Millions of middle class Americans are being wiped out by thieves, and millions more will be wiped out as trends continue. But those who can successfully dodge the thieves can continue to maintain some civilized standards as they hope for better days."



Thank you, Jeff, for posing a thought-provoking question and commentary.

How do we avoid thieves when the financial system itself is theft? The obvious answer is to peel away from the crowd of lemmings running full tilt for the cliff edge of asset bubbles.

This requires substituting skepticism for blind faith. Please glance at this chart and ask yourself if this bubble is different and boom will not be followed by bust for the first time in human history:



The first step to avoid losing to thieves is avoid being a mark in the thieves' game.To some degree, this may mean absorbing a smaller, known loss (inflation by holding cash) to avoid the thieves' high-risk asset-bubble games where a potential loss of 40% of one's capital is not just possible but the unstated purpose of the game.

Another is to remove as many assets as possible from exposure to the thieves' systems. This means withdrawing your capital from Too Big to Fail Banks, pulling capital out of Wall Street, and limiting the amount of cash you hold in any one bank to limit losses from "bail-ins" where your cash is stolen to pay off banking-sector thieves.

The cartel-state debtocracy indentures the unwary with debt. Debt is the thieves' poisoned-sugar method of addiction and servitude. The high from debt is like the high from crack cocaine: it seems so "cheap" at first, and then the addiction kicks in and withdrawal becomes impossibly painful.

Welcome to the Thieves' Den of Debtocracy.

Since the system yokes those with high earned incomes into teams of tax donkeys, one way to minimize one's time on the tax donkey team is to reduce one's earned income, either by working less or by deploying one of the vanishingly few incontestably legal tax shelters open to the lower 99.9% (for example, socking away money for retirement).

The cartel-state Den of Thieves will naturally skim and steal what is most easily stolen, which is money and assets held in their own systems (banks, Wall Street, Treasury bonds, etc.).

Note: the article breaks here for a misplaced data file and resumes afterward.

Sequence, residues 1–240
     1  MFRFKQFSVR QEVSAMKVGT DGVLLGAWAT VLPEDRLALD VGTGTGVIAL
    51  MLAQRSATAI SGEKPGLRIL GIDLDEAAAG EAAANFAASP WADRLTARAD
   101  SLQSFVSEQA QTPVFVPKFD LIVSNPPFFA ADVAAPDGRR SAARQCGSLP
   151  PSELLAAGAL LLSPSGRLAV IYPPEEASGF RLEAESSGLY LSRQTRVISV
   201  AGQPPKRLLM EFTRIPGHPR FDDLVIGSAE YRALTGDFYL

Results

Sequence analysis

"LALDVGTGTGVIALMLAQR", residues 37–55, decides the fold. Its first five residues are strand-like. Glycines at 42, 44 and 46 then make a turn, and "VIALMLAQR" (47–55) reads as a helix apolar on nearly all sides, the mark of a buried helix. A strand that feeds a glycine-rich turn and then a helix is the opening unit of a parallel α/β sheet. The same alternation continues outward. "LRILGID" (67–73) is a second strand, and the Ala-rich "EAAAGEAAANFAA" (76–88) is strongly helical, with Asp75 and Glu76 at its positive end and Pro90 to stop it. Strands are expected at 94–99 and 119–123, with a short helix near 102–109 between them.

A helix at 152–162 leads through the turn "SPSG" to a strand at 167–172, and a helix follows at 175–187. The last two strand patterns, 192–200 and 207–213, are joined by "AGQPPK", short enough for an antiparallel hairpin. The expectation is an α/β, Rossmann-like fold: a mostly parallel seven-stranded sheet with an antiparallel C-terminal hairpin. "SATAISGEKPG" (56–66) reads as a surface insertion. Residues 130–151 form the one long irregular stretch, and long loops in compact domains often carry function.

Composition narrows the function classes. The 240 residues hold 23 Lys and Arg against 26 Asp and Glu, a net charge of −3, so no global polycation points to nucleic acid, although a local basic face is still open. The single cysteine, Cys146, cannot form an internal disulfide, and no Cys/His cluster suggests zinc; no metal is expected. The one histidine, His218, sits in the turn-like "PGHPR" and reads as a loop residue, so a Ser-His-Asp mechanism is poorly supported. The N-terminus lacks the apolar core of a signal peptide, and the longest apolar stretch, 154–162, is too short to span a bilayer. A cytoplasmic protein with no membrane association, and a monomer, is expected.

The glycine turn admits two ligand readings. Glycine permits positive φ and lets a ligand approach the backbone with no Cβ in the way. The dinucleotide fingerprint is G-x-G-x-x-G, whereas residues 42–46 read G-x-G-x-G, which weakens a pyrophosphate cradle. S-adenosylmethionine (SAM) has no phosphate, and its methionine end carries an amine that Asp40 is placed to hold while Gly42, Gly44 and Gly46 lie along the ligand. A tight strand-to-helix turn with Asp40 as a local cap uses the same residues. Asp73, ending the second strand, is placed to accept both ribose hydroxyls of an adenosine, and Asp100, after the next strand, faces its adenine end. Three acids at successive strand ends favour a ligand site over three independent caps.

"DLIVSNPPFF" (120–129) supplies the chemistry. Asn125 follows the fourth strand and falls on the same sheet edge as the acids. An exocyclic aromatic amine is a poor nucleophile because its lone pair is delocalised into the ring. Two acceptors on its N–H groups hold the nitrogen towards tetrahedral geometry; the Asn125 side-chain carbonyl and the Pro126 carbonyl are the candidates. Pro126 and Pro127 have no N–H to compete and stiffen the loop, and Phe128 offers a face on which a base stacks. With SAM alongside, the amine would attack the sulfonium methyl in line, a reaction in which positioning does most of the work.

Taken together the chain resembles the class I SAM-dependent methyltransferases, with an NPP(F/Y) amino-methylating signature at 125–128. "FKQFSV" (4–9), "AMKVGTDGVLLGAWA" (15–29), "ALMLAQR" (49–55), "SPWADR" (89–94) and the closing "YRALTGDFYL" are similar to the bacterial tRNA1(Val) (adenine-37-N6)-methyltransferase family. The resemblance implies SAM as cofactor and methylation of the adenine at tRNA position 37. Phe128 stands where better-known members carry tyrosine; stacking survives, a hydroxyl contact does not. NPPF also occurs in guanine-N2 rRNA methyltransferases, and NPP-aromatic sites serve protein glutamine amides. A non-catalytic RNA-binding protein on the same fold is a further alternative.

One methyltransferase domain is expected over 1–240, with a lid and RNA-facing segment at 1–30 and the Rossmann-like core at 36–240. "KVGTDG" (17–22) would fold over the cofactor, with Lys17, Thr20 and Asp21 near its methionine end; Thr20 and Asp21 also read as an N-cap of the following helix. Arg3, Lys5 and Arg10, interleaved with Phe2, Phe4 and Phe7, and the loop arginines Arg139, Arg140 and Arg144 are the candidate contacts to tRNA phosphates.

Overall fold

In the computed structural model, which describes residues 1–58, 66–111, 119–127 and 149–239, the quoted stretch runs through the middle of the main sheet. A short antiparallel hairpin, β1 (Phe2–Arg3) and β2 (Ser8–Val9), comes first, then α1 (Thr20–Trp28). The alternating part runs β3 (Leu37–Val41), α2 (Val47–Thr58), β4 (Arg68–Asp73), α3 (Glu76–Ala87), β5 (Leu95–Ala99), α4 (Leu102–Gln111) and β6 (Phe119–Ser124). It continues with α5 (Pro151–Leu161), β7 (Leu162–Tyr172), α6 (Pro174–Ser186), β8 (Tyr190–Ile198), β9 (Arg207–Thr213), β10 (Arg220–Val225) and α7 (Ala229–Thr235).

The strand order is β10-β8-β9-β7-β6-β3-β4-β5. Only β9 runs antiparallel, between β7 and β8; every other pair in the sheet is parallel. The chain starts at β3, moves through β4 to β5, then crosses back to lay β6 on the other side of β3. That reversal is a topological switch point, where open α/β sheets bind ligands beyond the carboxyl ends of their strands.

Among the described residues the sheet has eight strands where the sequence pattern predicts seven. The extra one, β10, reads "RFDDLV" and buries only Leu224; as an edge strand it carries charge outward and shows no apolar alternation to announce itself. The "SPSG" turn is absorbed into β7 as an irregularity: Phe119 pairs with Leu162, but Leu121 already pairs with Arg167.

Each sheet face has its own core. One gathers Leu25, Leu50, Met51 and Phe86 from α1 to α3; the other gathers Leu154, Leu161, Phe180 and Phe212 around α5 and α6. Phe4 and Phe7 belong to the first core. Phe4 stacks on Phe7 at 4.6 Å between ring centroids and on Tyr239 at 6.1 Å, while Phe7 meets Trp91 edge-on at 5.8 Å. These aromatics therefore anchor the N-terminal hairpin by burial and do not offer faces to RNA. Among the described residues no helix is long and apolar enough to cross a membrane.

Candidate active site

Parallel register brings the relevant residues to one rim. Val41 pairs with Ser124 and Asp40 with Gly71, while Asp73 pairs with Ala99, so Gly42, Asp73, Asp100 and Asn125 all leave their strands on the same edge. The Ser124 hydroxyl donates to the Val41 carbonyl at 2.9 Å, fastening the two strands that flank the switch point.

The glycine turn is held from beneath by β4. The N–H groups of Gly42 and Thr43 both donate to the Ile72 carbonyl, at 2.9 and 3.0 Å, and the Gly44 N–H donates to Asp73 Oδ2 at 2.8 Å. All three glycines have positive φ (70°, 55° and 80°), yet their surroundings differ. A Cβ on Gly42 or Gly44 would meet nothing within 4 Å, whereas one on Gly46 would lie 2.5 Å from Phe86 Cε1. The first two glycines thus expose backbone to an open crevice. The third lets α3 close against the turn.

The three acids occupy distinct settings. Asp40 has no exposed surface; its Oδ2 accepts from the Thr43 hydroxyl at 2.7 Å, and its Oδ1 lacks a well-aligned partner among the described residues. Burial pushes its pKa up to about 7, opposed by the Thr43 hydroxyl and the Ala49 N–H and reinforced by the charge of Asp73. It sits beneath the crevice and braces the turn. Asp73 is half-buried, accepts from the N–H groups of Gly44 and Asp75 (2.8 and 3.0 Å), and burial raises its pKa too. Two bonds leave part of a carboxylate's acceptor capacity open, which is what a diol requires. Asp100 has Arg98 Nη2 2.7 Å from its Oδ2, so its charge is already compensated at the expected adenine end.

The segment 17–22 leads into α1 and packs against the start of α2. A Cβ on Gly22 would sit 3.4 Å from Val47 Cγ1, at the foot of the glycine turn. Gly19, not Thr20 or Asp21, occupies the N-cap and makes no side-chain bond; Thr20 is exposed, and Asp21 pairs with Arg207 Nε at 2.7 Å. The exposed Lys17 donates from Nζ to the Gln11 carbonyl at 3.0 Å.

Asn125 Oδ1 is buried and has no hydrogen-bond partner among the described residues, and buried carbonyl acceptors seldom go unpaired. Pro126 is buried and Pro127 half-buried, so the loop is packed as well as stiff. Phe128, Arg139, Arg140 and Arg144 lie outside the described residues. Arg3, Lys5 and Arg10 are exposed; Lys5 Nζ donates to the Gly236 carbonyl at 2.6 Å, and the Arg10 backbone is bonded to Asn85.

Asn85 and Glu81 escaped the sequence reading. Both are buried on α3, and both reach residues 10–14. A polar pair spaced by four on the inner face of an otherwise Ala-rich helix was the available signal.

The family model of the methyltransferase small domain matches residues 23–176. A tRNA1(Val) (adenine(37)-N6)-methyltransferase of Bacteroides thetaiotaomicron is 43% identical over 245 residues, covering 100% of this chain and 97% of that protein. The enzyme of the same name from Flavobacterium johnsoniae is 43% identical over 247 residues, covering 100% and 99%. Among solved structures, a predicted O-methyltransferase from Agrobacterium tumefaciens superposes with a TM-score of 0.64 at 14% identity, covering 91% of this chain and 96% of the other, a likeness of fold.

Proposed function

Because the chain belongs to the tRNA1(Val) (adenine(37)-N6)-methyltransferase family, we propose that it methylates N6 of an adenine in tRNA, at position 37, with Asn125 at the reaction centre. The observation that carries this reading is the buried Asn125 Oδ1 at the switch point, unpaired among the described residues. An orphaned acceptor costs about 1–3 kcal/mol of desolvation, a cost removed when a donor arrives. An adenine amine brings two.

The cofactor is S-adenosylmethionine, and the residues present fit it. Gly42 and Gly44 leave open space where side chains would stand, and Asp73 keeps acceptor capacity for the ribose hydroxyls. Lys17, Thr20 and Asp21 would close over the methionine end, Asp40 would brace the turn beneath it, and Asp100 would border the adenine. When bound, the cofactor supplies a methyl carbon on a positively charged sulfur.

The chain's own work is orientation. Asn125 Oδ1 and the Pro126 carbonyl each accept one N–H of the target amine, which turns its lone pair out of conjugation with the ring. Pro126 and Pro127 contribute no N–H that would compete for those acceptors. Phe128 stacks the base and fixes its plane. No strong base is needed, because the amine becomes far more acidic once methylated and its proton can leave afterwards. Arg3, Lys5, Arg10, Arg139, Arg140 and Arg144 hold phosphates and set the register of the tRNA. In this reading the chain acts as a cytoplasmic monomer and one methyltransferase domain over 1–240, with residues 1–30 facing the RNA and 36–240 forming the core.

This explains the popularity of the coffee-tin/glass-jar bank in kleptocracies: the cost to the authorities of trying to locate and confiscate millions of coffee-tin banks is prohibitive, and prone to marginal returns. Stealing money from depositors via a "bail-in" is effortless and essentially cost-free to the state, as is requiring all retirement funds be invested in Treasury bonds ("for your own good," of course).

No matter how desperate the cartel-state thieves are for more cash, they know that confiscating the serfs' tools and land without the cover of taxes and debt would trigger revolt. So assets that are physical objects or immaterial assets such as human and social capital are beyond the easy reach of the cartel-state thieves.

Taxes and debt are the two methods used for wholesale thievery via confiscation.Can't pay your mortgage or property taxes? Oops, your assets, land and home are confiscated. The ideal situation is not have a mortgage or any other debt, as debt is what gives the thieves leverage over you. The only protection against wholesale theft via suddenly higher property taxes is a limit on annual tax increases (a.k.a. Prop 13).

Our financial system is structurally a kleptocracy. The less exposure one has to Wall Street and the financial debtocracy, the lower one's exposure to the thieves.

It's called opting out, or voluntary poverty. Poverty is of course a relative term. If all one's assets are real-world possessions and immaterial assets such as skills, personal integrity and networks of trusted associates, one is indeed poor in financial assets. But if control of one's assets is the only real measure of wealth, then the individual with complete control of all his assets is the only truly wealthy person in a kleptocracy.


Things are falling apart--that is obvious. But why are they falling apart? The reasons are complex and global. Our economy and society have structural problems that cannot be solved by adding debt to debt. We are becoming poorer, not just from financial over-reach, but from fundamental forces that are not easy to identify or understand. We will cover the five core reasons why things are falling apart:

go to print edition1. Debt and financialization
2. Crony capitalism and the elimination of accountability
3. Diminishing returns
4. Centralization
5. Technological, financial and demographic changes in our economy

Complex systems weakened by diminishing returns collapse under their own weight and are replaced by systems that are simpler, faster and affordable. If we cling to the old ways, our system will disintegrate. If we want sustainable prosperity rather than collapse, we must embrace a new model that is Decentralized, Adaptive, Transparent and Accountable (DATA).

We are not powerless. Not accepting responsibility and being powerless are two sides of the same coin: once we accept responsibility, we become powerful.

Kindle edition: $9.95       print edition: $24 on Amazon.com